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How Race Is Made in America

How Race Is Made in America: Immigration, Citizenship, and the Historical Power of Racial Scripts

Natalia Molina
Copyright Date: 2014
Edition: 1
Pages: 213
https://www.jstor.org/stable/10.1525/j.ctt4cgfv5
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  • Book Info
    How Race Is Made in America
    Book Description:

    How Race Is Made in America examines Mexican Americans-from 1924, when American law drastically reduced immigration into the United States, to 1965, when many quotas were abolished-to understand how broad themes of race and citizenship are constructed. These years shaped the emergence of what Natalia Molina describes as an immigration regime, which defined the racial categories that continue to influence perceptions in the United States about Mexican Americans, race, and ethnicity. Molina demonstrates that despite the multiplicity of influences that help shape our concept of race, common themes prevail. Examining legal, political, social, and cultural sources related to immigration, she advances the theory that our understanding of race is socially constructed in relational ways-that is, in correspondence to other groups. Molina introduces and explains her central theory, racial scripts, which highlights the ways in which the lives of racialized groups are linked across time and space and thereby affect one another. How Race Is Made in America also shows that these racial scripts are easily adopted and adapted to apply to different racial groups.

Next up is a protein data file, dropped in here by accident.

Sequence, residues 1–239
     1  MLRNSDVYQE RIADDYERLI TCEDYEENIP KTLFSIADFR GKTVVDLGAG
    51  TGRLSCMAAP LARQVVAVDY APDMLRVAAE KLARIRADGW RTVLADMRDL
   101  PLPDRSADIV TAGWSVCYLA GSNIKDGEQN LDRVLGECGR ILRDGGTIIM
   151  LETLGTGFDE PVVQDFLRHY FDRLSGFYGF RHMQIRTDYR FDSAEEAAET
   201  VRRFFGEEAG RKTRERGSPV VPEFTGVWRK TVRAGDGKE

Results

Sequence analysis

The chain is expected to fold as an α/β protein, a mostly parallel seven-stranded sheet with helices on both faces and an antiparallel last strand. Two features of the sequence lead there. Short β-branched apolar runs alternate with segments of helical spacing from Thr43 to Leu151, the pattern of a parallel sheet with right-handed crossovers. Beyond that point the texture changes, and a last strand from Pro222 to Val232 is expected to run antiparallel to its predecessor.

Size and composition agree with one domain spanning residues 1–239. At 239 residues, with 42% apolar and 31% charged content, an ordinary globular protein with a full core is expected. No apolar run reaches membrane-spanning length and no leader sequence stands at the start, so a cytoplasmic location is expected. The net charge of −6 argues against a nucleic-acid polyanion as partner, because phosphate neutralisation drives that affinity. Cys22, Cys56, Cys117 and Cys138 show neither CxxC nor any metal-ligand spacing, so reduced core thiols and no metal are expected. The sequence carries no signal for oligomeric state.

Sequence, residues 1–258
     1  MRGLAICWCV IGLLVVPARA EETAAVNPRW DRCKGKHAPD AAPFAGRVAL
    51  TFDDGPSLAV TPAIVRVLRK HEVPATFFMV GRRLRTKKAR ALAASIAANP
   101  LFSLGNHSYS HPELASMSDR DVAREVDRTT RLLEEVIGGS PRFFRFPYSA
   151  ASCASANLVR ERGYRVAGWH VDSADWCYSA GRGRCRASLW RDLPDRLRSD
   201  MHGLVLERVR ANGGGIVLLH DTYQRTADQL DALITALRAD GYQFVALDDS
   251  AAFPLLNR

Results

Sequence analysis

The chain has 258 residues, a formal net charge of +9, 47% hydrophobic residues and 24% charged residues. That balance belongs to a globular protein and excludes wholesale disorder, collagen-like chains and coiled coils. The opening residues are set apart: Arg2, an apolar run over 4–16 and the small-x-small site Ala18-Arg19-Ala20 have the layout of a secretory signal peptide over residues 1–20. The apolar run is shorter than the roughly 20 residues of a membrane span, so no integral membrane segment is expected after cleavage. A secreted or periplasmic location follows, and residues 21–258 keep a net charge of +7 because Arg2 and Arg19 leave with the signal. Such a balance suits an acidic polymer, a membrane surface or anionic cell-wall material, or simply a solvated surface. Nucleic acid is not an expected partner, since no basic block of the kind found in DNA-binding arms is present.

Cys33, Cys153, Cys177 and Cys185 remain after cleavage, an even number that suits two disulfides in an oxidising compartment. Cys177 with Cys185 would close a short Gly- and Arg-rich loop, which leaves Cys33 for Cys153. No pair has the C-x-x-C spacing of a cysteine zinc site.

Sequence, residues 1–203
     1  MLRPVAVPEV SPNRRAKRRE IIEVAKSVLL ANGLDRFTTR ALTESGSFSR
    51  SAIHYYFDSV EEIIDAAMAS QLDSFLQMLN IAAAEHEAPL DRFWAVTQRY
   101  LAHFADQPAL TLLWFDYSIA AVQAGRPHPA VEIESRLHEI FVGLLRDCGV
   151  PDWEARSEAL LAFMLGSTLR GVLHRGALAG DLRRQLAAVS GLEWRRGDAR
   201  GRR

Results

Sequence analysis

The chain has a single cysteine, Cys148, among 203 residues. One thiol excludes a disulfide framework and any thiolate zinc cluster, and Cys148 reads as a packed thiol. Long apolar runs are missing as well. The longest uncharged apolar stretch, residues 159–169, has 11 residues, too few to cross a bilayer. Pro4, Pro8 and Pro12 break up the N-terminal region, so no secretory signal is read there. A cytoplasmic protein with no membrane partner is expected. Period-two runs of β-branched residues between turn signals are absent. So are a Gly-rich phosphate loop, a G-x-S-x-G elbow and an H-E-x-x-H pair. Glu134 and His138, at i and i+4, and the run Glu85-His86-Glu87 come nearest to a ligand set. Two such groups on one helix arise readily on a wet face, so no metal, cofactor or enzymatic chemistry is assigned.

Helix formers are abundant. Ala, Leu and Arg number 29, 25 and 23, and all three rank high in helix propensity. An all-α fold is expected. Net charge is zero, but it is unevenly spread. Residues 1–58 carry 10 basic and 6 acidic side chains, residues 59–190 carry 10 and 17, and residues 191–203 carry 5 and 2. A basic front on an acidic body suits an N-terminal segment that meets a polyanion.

eISBN: 978-0-520-95719-0
    Subjects: History

Table of Contents

  1. Front Matter
    (pp. i-vi)
  2. Table of Contents
    (pp. vii-viii)
  3. LIST OF ILLUSTRATIONS
    (pp. ix-x)
  4. ACKNOWLEDGMENTS
    (pp. xi-xvi)
  5. Introduction
    (pp. 1-16)

    How Race Is Made in America examines Mexican immigration from 1924 to 1965 in order to understand how race and citizenship were constructed during this crucial period. I demonstrate that what was unique about these years was the emergence of what I call an immigration regime that remade racial categories that still shape the way we think about race, and specifically Mexicans. Through an examination of a diverse array of legal, political, social, and cultural sources related to the immigration regime, I offer historical answers as to why Mexican Americans are still not deemed fully American and are largely equated...

  6. PART ONE. Immigration Regimes I:: Mapping Race and Citizenship

    • CHAPTER 1 Placing Mexican Immigration within the Larger Landscape of Race Relations in the United States
      (pp. 19-42)

      In 1930 Roy Garis, a professor of economics at Vanderbilt University, submitted his “Report on Immigration,” an intensive study of Mexicans in the United States, to Representative John Box of Texas, a diehard opponent of Mexican immigration. Box presented the report in the House of Representatives’ extensive hearings on three bills with the same goal: to place immigration quotas on countries in the Western Hemisphere, just as the 1924 Immigration Act had placed quotas on European countries. Reducing immigration from Mexico in particular was a major priority; one bill suggested limiting immigration from Mexico to 2,500 persons per year, a...

    • CHAPTER 2 “What Is a White Man?”: The Quest to Make Mexicans Ineligible for U.S. Citizenship
      (pp. 43-67)